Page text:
Some of you will lean in closer after you read the title of this blog, and some of you will lean away. Guess what, both are normal reactions to talking, reading, or discussing anything related to female sexuality. Any woman knows that female sexuality is something that everyone has an opinion about. Morality of what is “appropriate” or good or bad often stop women from getting to know their sexuality in a deeper way. This is a detriment to ourselves and to our partners. If you can, for the remainder of this article (and maybe beyond), gather any self-judgments or opinions from your family, friends, and community and put them on a shelf as you learn a little more in one of these books.
I remember in Highschool during a biology dissection we had to go up to the teacher and label where the female genitalia was located on whatever poor creature we were dissecting. Only one woman in the room got it right, and it wasn’t me. The teacher marvelled out loud that so many women got it wrong. For many women, this story will probably not shock you in any sort of way, because we were never encouraged to become friends with our anatomy. If you grew up in a school that promoted abstinence (like mine), then this experience was probably even more likely. Can you think of any positive stories about female sexuality shared by family, educators or in the media growing up? I can’t think of a single one. That is highly concerning.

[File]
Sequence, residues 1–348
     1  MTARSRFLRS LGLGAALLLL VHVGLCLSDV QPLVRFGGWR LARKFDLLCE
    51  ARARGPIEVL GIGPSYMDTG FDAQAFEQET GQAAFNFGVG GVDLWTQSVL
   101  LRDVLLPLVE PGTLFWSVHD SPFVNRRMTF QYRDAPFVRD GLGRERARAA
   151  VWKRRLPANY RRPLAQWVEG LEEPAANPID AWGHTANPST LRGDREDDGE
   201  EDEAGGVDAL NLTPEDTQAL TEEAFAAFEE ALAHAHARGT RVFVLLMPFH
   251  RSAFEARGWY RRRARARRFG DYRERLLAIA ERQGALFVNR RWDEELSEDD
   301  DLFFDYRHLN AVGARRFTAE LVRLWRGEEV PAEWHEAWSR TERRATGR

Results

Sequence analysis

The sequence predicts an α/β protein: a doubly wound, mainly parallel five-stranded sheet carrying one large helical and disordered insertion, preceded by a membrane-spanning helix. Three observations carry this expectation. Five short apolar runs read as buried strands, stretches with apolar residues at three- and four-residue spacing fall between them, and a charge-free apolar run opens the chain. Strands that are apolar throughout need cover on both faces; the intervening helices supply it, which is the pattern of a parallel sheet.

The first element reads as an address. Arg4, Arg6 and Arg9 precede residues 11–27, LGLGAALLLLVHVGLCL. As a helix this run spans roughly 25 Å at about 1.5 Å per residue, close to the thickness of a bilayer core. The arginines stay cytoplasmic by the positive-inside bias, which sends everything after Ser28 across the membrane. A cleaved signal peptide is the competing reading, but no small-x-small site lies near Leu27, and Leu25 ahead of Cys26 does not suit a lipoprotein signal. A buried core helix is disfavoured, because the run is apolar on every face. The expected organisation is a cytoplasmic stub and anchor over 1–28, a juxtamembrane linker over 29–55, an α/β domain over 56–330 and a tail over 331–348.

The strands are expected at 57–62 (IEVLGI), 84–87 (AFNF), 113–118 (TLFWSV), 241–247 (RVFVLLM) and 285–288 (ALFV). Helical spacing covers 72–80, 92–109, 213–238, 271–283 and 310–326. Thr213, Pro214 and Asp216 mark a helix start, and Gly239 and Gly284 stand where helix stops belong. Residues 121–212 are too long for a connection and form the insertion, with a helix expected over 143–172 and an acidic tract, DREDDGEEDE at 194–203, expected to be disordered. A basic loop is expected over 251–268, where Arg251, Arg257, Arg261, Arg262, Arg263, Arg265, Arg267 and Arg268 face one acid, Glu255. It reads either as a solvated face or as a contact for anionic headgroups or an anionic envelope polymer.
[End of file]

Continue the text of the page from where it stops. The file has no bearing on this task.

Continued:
If you want me to choose one book for you to read, start with this one. This should be required for any person coming into their sexuality.
“What it comes down to is that a lot of women trust their bodies less than they trust what they’ve been taught, culturally, about their bodies. But culture has taught you stuff that is both incorrect and just wrong.” Emily Nagoski (p. 164)
Emily is a sex-educator in the USA with a plethora of degrees and experience. This books is based on science and psychology. There is way too much in this book to give a summary that will do it justice, but here are a few nuggets. This book is not heteronormative and includes discussion about experiences for someone who is intersex. Her examples are inclusive of the LGTBQI community.
- There is less range in the range (low to high) of sexual desire between men and women than there is within a gender.
- We all have things that arouse us (our accelerator) and we all have things that turn us off (our brakes). We all have different combinations of both and often feel both the brakes and the accelerator at the same time.
- Stress can be an accelerator for some individuals and a major brake for others. When we don’t know what our partner’s accelerator or brake is (or they don’t), or if we don’t know what our accelerator or brake is so that we can share it with our partner, problems happen between couples.
- Emily spends a lot of time repeating that whatever your sexual temperament is, that you are NORMAL.
- There are many written exercises and self-reflective questions that are provided to explore different problems. I saw that she also has a workbook.